Results

  1. Top of page
  2. Abstract
  3. Introduction
  4. Methods And Procedures
  5. Results
  6. Discussion
  7. Supplementary Material
  8. Acknowledgment
  9. Disclosure
  10. REFERENCES
  11. Supporting Information

Factor analysis

An exploratory factor analysis was conducted to examine 35 items on the Sizing Them Up measure for 220 participants. Eigenvalues over one and scree plot data supported the use of a five- to eight-factor solution. Each of these solutions was examined with respect to the pattern of item loadings, cross loadings, and conceptual meaning. A six-factor solution was chosen because it separated a moderate number of items into factors that were statistically distinct and interpretable. Initial items were removed if item loadings were <0.40 or significant cross loadings occurred across three scales. This resulted in a final instrument with 22 items for parents of children 5–18 years of age. (See Supplementary Data online for final Sizing Them Up measure.)

Sizing Them Up scales and items

Sizing Them Up is a 22-item measure consisting of six scales: Emotional Functioning (seven items), Physical Functioning (five items), Teasing/Marginalization (three items), Positive Attributes (four items), Mealtime Challenges (two items), and School Functioning (one item). These six scales make up a summary score or Total QOL scale. The scales, corresponding items, and item loadings of the factor analysis are presented in Table 2. The percentage variance accounted for by the 22-item measure was 66%. In addition, an adolescent module, which originally consisted of seven items was tested. One item was removed due to improvement in internal consistency without the item. Internal consistency coefficients (e.g., Cronbach's α) for each scale were strong and are presented in Table 3. Internal consistency was lowest for the Positive Social Attributes Scale (α = 0.59) and highest for Emotional Functioning (α = 0.91). Factor intercorrelations were positive and ranged from 0.08 to 0.68 (see Table 4).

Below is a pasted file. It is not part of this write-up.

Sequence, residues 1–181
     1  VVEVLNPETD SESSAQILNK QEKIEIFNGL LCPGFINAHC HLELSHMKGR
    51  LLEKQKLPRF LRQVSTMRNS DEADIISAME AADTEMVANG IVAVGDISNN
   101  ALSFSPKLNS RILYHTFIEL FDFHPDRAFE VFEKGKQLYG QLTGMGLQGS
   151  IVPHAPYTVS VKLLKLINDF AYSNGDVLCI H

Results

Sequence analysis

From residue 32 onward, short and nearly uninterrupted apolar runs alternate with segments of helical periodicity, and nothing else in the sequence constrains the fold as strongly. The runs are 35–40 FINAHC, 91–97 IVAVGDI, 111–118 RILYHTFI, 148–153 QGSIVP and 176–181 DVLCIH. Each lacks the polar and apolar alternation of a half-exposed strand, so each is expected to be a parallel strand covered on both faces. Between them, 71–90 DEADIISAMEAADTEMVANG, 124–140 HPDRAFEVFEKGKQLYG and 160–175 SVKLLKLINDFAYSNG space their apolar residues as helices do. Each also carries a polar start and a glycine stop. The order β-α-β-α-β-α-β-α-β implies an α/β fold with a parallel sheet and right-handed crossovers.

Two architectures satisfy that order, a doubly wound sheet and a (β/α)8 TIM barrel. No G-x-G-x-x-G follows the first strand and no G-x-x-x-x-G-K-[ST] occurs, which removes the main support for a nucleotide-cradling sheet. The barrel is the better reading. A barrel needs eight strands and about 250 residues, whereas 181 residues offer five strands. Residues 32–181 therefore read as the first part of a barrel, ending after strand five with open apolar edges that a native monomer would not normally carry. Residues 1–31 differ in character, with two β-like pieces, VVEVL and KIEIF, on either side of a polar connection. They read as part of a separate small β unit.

Table 2.  Sizing Them Up: exploratory factor loadings
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Table 3.  Sizing Them Up: means (s.d.) and reliability coefficients
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Table 4.  Sizing Them Up: scale intercorrelations
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The Emotional Functioning scale assessed parents' perceptions of the impact of body weight/size on their child's feelings and self-esteem. The Physical Functioning scale assessed parents' perceptions of the impact of body weight/size on their child's ability to keep up with physical activities. The Teasing/Marginalization scale assessed parents' perceptions of how often their children were teased or left out due to their weight. The Mealtime Challenges scale assessed parents' perceptions of difficulty around mealtimes. The Positive Social Attributes scale assessed parents' perceptions of positive qualities and strengths they perceive their child to possess in context of their weight. The School Functioning scale is comprised of one item which assessed the parents' perception of whether their child refuses to go to school as a result of their weight. The Adolescent Developmental Adaptation module assessed parent's perceptions of the impact of body weight/size on their adolescents' engagement in developmentally appropriate activities (e.g., dating, participating in activities) and concerns related to these activities. Finally, the Total QOL scale is a compilation of the six core scales. All scaled scores were calculated by summing the items and then transforming them to a score ranging from 0 to 100, with 100 representing the best HRQOL. For example, the following computation could be used to calculate the total score (Emotional Functioning = ((emotional functioning_raw score −7)/21) × 100). Scaled scores allow for better interpretability across scales. The total score was calculated by summing the core 22 items and then similarly transforming to a 0 to 100 scale. The Adolescent Developmental Adaptation module is calculated similarly and can be used with parents of obese adolescents (14–18 years of age).

Test-retest reliability

Test-retest reliability was calculated for 97 participants. The average time between phase 1 and phase 2 visits was 17.3 days (s.d. = 7.6). There was no significant change in zBMI from phase 1 to 2 for these participants (paired t test t(94) = 1.7; P = n.s.) with the exception of three participants who were excluded from these analyses. Test-retest reliability was strong for a majority of scales, ranging from 0.57 to 0.80 (see Table 3).

Construct validity

Regarding the relation between Sizing Them Up and zBMI, a significant association was found for the Physical Functioning scale. Specifically, higher zBMI was associated with poorer HRQOL for Physical Functioning (r = −0.34, P < 0.0001). No significant relations were found between zBMI and other Sizing Them Up scales.